In the summer of 1983, a young boy in the last year of his teenage dropped out of his college to devote his entire time to the company he created when he was a freshman. The company did nothing out of the world in the years of its infancy; all it did was provide hard-drive upgrades to corporate customers. Very simple business strategy! But then something magical happened. Somehow, with nothing but this simple business strategy, this humble company generated sales worth 6 million dollars. Making the most off this new found capital, the company’s strategy went up a level and it started offering computers as ordered by the customers. This strategy provided more than 10 times the sales of last year, $70 million to be precise. If it was magic earlier, now was the time for a miracle. Just five years after adopting this strategy, the company’s revenue shot to $500 million and by the end of the first year of the new millennium, this company, with its most humble beginnings, was suddenly generating not one, not two, but 25 billion dollars in revenue. Which company is this? More importantly, what led to its dramatic rise? Well, if that young boy is to be believed, it was the innovations in the supply chain but more importantly, the distribution strategy.
What Distribution Strategy Looks like..?
Now, the first question in your mind must be what distribution strategy was it really? Before we get to that, let’s very briefly understand what distribution actually means. Distribution, as the word implies, is nothing but sharing something with a number of recipients. It is no different in marketing either. Sharing your product or service with your target recipients, or target customers. Makes sense? So, how do you reach them? Turns out, you can reach your target customers through multiple distribution channels. You can go the most common route of retail, or if you might decide to sell through Value Added Resellers. If they don’t make you confident enough then you can use dealers to promote and sell your product. And if you still don’t feel confident and sure, it’s time to go direct!(Marketing MO, 2014)
That’s right, no intermediary, nothing between you and the consumer. Sounds good when the customer pool is less but could it work for millions of customers? Turns out, it works and it works beyond the most hopeful expectations. Need a proof? Time to say hi to the company you just read about. Introducing, Dell!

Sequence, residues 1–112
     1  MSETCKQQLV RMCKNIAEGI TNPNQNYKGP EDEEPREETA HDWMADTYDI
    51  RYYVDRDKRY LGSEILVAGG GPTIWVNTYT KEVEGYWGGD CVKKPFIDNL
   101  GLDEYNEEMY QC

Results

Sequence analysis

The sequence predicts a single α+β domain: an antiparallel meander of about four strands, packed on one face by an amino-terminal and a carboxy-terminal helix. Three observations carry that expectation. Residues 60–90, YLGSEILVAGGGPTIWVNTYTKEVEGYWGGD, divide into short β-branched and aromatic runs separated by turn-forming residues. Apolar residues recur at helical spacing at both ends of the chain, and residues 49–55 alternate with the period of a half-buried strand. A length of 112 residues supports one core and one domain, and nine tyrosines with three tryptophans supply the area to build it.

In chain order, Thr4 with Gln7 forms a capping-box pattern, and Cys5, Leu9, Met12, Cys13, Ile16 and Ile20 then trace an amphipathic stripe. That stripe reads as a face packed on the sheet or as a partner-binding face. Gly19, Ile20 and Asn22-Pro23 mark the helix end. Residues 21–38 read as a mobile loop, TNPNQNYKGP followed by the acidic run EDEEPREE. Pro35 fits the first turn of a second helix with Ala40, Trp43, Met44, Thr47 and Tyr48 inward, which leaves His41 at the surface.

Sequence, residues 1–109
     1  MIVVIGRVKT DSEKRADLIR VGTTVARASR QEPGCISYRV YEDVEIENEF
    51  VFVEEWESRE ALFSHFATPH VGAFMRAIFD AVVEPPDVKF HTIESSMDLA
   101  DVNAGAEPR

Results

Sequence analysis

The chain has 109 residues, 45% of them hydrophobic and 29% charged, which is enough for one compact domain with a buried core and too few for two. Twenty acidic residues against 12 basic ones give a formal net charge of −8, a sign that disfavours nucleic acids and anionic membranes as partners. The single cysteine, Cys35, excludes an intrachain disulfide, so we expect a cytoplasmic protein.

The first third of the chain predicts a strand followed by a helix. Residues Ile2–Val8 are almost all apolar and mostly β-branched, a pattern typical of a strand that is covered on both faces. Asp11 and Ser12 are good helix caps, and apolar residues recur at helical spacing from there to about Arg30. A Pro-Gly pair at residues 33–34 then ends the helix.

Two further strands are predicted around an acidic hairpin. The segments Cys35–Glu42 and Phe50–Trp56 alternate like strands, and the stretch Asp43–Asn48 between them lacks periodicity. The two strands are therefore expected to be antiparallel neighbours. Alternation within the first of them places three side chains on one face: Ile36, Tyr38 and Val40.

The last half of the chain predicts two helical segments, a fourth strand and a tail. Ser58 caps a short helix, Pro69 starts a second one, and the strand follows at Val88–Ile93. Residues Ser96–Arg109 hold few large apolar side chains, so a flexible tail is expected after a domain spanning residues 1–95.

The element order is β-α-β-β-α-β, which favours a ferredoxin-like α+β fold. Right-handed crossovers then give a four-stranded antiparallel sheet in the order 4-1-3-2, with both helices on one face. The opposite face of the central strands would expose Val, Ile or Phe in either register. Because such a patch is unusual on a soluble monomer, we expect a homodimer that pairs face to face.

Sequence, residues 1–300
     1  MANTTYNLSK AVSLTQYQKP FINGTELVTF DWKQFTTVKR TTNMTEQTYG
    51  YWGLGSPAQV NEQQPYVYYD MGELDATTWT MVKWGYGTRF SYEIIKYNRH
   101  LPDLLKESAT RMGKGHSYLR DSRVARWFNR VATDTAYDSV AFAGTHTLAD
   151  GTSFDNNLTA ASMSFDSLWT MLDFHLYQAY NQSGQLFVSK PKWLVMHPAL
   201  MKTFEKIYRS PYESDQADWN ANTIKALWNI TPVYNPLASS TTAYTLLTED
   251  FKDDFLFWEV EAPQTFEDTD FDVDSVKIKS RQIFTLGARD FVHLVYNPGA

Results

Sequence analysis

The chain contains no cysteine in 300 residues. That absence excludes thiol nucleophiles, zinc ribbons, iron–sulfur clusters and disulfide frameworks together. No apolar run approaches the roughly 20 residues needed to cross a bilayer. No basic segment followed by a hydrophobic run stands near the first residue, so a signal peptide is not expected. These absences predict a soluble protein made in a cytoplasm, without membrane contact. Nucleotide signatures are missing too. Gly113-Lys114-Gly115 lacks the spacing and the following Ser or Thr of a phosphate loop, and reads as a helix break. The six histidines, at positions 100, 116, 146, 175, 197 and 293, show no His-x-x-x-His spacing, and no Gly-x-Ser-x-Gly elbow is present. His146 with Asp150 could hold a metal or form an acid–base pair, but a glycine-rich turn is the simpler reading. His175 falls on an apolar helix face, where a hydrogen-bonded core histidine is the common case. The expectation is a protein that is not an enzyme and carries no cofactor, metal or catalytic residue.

So, back to the case, back to Dell and its meteoric rise.
The Dell’s Way
Goodbye Middlemen, Hello Customer: From the moment of its inception, Dell had started as a direct seller, that is, it delivered every single product to the customer by itself, no agent, no retailer, nobody! Before the advent of the internet, Dell used a mail-order system, that is, it sold its products through simply mail delivery. The buyer would quickly call Dell, place an order for upgrading his computer’s 56MB hard drive over the phone, Dell would pack a 128MB hard drive and courier it to the customer. Simple! In fact, even before the Internet was a thing, let alone popular, Dell had begun integrating online border status updates and technical support into their customer-facing operations. Then the Internet grew and Dell developed its own online sales platform. This new platform would generate sales of around $4 million… every day. This was the era of Information Technology where most major players were busy selling pre-assembled and pre-configured computers in the retail outlets. This was the era where Dell dared to do something different. Due to the costs Dell saved by entire removing the middlemen, Dell was able to offer superior PCs at some mouthwatering discounts. But cost saving by getting rid of the middlemen wasn’t it. Turns out, the greatest, and probably unplanned, benefit of this direct sales model was the sheer size of market data that the Internet sales generated. This helped Dell understand and forecast market demand much better and also, it helped Dell create some unrivaled segmentation strategies. This was perhaps one single jump that took Dell on top of the otherwise traditional PC sales mountain! This distribution strategy helped Dell enhance its new product development strategies and objectives and helped Dell become the giant we know today.
But the benefits did not stop there. Because Dell was selling directly to its customers, it obviously meant that Dell was in direct touch, or direct contact, of its very own customers. This helped Dell to collect customer feedback straight out of where it comes from and also, improve customer value, along with profit margins. All of this due to a unique, then-unfathomable distribution strategy.
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